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Zagi 5C Build

Posted by Tom Benedict on 22/04/2013

While waiting for the new ESC for the Raptor, and while I figure out what I want to do about ventilation to keep the motor cool, I built a new plane. Friday while I was at work, my Zagi 5C flying wing arrived from Trick RC.

Trick RC makes a number of flying wings, some powered some unpowered. The 5C is an all-purpose unpowered glider that’s really better suited to slope soaring than riding thermals, but there are people who have adapted their 5C to thermalling as well. My plan was to build it as a slope soarer, but to be as careful as I could about weight along the way. You can always add weight in the form of ballast to give a plane better penetration in higher slope winds. But it’s a lot harder to take weight out.

The Zagi 5C comes with an excellent instruction manual, which is also available in PDF form on the Trick RC web site. Trick RC updates the manual as new building techniques come along, so it’s pretty current. For example, the original Zagi was reinforced with fiber strapping tape. The Zagi that arrived at my house came with flat carbon fiber spars that are glued into the wing for reinforcement. As new glues have been developed, the instructions have been changed to reflect best practice there as well. Even so, I found a couple of build logs that provided information that wasn’t in the manual that came with my plane. The build posted by Mokulele808 to the RCGroups forum is the one I based a lot of my build off of.

The only thing I really changed from Mokulele808’s build is how I covered the wings. For that I took inspiration from surfimp’s build of the Swiss Fish, also on RCGroups. surfimp, aka Steve Lange, the designer of the Le Fish aerobatic glider, used laminating film to cover the wings rather than the tape covering used in the Zagi manual, or the covering that Mokulele808 used. (As as side note, Mokulele808 mentions CP laminate covering at the tail end of the build, and said this is probably the route they’d go if they built another one. See? I really did read all the instructions before beginning!)

Friday night I glued the wings together using 3m Super 77 adhesive, as per the instructions both in the manual and in Mokulele808’s build. Super 77 never completely hardens, so it’ll flex with the foam without cracking. Once the wings had set, I installed the carbon fiber spars. This is where Mokulele808’s build branches off from the build in the manual. The build in the manual uses Super 77 to install the spars, but Mokulele808 used Gorilla Glue, a polyurethane adhesive. This provides a stiffer connection between carbon and foam, and results in a more rigid structure.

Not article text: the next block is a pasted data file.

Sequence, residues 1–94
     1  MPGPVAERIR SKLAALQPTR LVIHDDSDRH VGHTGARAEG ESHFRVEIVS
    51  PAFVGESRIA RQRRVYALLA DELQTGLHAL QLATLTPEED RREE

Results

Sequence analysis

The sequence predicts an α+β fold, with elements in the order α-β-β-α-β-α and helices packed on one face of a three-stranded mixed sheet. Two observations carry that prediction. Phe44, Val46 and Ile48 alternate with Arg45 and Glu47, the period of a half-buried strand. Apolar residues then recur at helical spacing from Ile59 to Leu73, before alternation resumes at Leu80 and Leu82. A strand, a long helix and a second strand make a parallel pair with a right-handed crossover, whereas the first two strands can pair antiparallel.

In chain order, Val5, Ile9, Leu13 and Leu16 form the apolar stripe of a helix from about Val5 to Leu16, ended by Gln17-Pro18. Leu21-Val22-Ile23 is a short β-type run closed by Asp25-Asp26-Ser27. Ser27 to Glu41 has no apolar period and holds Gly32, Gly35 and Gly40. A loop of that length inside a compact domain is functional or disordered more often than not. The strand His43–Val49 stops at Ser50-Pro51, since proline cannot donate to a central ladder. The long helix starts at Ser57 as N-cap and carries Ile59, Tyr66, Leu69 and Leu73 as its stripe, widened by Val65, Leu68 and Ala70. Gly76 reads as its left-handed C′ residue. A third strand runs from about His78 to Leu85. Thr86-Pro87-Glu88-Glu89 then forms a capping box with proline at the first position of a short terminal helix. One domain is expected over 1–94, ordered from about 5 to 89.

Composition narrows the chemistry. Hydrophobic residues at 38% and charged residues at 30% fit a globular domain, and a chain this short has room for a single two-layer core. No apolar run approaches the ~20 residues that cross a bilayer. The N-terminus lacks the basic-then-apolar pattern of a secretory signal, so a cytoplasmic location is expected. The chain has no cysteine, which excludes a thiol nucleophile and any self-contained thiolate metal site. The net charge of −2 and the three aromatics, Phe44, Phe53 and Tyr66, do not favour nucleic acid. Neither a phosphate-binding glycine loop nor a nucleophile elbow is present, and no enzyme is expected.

Polyurethane adhesives foam up when applied. Gorilla Glue is no exception. In both Mokulele808’s build and surfimp’s build of the Swiss Fish, they leave the spars uncovered to let the glue foam up and out of the slot. Once the glue has set, it can be trimmed back with a sharp blade. I took a different approach, and taped over the glue line with blue painter’s tape. This let me lay the wing in the wing beds to keep them from twisting as the glue cured. After an overnight cure the wing came out quite straight and amazingly stiff. The painter’s tape came off with no problems, leaving a relatively flat glue joint behind. A little sanding, and the wing was ready for the next step.

When I ordered the kit, I was under the assumption that two servos came with the plane. I was wrong, of course, and was left with the question of what to do. Because of my kite aerial photography habit of the past six years (six years?! (yes, six years!)) I have a stash of full-sized servos. I’ve really come to like the metal geared Hitec servos I started using on my DSLR KAP rig, but they’re heavy, and for this they really are overkill. Rather than weigh the plane down with these, I opted to install two Futaba S3003 servos instead. These are plastic geared, they’re relatively light, and because I’ve been swapping out my KAP servos for the Hitecs, I had several of the S3003 servos that were looking for a new home.